The Bank for International Settlements (BIS) warned on Monday, December 7, about “overstretched valuations” on financial markets, saying that promising news on vaccines was eclipsing the uncertain economic outlook.
Although markets rebounded in November, concerns about the difference between valuations and the economic outlook persist, said the BIS, the international financial institution that links central banks.
Rapid progress towards COVID-19 vaccines and Joe Biden winning the US presidential election boosted risky assets, which are now approaching, and in some cases surpassing, pre-pandemic levels, the BIS said in its quarterly review.
“While markets have moved in the right direction in response to news about the vaccine, they are above or close to the levels that prevailed before the pandemic, when questions about overstretched valuations were already present,” said Claudio Borio, head of the BIS monetary and economic department.
Renewed optimism about business conditions and the continued assurance of central bank support to mitigate the repercussions of the pandemic’s second wave also fueled markets’ buoyancy.
With government bond yields still exceptionally low, the search for returns on investments resumed, prompting new investors to put money into the stock markets.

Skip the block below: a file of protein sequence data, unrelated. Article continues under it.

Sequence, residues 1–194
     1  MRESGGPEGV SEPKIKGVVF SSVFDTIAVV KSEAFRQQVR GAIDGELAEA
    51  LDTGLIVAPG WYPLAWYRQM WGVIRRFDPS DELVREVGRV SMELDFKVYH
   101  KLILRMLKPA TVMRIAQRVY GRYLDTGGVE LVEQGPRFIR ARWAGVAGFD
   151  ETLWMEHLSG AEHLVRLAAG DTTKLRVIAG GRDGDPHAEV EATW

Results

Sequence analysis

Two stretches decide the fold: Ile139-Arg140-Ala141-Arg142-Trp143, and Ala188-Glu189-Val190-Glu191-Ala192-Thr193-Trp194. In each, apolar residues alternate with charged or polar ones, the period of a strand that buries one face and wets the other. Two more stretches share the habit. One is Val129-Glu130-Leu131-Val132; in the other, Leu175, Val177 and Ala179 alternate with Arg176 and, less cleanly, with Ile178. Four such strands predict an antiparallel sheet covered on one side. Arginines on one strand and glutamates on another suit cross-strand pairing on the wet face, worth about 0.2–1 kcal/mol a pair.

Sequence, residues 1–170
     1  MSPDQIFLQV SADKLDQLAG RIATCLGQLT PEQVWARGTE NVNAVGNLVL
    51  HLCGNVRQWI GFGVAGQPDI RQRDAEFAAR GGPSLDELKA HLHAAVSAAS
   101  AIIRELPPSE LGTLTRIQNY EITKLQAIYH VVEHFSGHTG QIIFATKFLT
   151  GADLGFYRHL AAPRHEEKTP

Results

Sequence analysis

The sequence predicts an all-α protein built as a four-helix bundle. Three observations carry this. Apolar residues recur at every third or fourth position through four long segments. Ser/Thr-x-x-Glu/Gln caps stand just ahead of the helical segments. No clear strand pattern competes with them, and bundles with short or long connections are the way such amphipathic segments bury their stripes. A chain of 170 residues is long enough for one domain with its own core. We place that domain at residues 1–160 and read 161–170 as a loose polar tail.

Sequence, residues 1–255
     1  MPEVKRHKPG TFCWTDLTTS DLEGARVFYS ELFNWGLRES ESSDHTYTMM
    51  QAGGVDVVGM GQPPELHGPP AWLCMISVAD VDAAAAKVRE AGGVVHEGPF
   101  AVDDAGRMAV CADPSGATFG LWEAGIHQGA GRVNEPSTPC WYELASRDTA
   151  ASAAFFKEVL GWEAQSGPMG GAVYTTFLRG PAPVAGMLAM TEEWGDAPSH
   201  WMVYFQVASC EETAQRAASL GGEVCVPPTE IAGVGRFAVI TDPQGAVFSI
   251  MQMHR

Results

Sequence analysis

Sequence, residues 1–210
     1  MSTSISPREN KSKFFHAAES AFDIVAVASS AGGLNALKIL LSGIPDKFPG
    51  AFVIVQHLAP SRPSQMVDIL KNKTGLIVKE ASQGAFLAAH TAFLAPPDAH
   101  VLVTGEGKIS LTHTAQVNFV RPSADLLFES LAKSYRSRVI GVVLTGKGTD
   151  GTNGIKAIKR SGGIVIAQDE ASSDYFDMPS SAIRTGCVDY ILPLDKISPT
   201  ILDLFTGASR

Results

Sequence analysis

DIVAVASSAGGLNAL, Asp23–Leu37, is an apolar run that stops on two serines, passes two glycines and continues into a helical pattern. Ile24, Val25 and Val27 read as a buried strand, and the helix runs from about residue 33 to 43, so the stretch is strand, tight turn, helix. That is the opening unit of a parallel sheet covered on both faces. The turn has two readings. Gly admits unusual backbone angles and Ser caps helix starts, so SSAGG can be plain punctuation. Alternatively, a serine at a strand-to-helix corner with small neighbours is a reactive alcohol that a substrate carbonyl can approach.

Established in Basel, Switzerland, in 1930, the BIS is owned by 62 central banks, representing countries that account for about 95% of global gross domestic product.
Its quarterly review found that a divergence in the assessment of corporate vulnerabilities appeared to be emerging.
On one hand, credit spreads in advanced economies compressed further, approaching pre-pandemic lows. On the other, banks tightened lending standards throughout the review period, it said.
Looking ahead, a rise in bankruptcies can be expected, said Borio. Banks, unlike the markets, are already beginning to become more cautious in their risk assessment strategy, he added.
The report reviews market and economic developments every quarter from the perspective of central banks.
Alongside the review, the BIS published an analysis on how firms’ financial vulnerabilities could affect their survival.
It found that high short-term debt and low earnings relative to interest expenses were the two most significant financial predictors that a company could go bankrupt. – Rappler.com